When the likes of PayPal, Stripe, Visa, Master card, and the other 20-odd members of the Libra Association were approached to join Facebook on its cryptocurrency journey, they would have felt pretty well positioned.
However, things have taken a rather nasty turn for the launch of a potentially revolutionary cryptocurrency from Facebook as regulators have stepped in, and hard, to try and block the development of this new stablecoin from Facebook.
According to Bloomberg, this has caused a little bit of wavering from some of the Libra Association members who are potential rethinking their commitment as a date looms for them to sign on the dotted line, and pay up around $10 million.
Part of being a member of the Libra Association means acting as a node for the blockchain, subject to that $10 million fee. Before the regulatory push-back, $10 million would have been a drop in the ocean for these members, also relative to the potential that the deal held for them.
But, according to people familiar with the matter, Bloomberg has said:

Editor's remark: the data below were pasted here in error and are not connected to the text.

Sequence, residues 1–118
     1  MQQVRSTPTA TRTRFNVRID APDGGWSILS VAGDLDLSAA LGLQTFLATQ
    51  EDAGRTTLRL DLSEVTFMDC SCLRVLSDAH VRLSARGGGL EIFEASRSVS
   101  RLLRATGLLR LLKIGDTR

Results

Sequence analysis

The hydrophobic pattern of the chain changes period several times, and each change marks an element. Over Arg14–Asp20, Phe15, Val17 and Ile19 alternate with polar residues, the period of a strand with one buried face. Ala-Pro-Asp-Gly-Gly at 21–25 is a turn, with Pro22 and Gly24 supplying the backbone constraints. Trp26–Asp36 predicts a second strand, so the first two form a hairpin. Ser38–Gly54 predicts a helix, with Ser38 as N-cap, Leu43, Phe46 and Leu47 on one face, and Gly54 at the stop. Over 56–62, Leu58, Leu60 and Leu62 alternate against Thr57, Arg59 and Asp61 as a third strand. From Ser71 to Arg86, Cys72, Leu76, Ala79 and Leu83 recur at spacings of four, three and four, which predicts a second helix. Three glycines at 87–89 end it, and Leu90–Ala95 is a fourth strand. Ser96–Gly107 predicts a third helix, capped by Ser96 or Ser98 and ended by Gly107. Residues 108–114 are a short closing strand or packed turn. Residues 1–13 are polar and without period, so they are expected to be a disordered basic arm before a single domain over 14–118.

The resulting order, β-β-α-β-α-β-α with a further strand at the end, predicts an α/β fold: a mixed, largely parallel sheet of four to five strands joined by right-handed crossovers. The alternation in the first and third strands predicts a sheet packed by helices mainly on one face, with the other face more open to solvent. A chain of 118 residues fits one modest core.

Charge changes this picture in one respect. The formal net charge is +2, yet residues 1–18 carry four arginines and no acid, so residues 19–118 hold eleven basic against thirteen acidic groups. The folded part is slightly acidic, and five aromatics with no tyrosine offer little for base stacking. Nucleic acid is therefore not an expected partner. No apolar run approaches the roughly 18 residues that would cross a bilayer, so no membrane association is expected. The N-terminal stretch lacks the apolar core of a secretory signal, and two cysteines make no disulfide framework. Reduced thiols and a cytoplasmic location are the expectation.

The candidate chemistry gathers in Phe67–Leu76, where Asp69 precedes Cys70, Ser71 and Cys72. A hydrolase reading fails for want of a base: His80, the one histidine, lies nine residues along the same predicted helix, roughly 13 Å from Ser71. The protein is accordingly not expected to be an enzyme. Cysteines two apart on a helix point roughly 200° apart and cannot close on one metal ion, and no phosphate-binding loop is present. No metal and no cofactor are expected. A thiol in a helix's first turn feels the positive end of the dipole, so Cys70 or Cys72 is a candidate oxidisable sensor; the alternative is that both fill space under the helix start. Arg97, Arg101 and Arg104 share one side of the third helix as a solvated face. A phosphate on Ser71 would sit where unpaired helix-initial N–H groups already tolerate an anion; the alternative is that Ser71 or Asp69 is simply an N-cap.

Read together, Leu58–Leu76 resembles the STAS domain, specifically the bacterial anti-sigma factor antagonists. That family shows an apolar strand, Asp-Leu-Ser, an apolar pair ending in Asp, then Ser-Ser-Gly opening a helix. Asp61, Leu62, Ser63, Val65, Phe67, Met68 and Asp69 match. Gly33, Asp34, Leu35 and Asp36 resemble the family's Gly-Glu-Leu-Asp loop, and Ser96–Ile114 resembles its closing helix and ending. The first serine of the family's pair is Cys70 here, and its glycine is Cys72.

“Executives at the payments companies [Stripe, PayPal, Visa, Mastercard] believe Facebook oversold the extent to which regulators were comfortable with the project and are concerned about the perception that the social network hasn’t behaved responsibly in other areas.”
It would be understandable for there to be a concern from these members who could potentially sign-on and totally lose out as there have been mutterings from Facebook that if they don’t get the regulatory green light, then the project could never launch.
This is not the first time the will of the Libra association members has been tested in the media. Towards the end of August, it was reported that the Libra members were still steadfast in their support of the project. And even now, with questions arising again, there have been some brief reassurances.
Stripe has said that there are no issues between themselves and Facebook on this project, adding: “Nothing has changed with our involvement with Libra since we came on to participate.”
While the balancing act continues with Facebook assuring that the 2020 launch date is still on, and the likes of France and Germany putting big barriers in the way of its development, those in the association will have to bide their time.
If Libra does launch as it is expected to do when it was announced, the pay off will be justified by the members. However, if the regulators start winning the battle, it will be a rush for the exit for these major companies.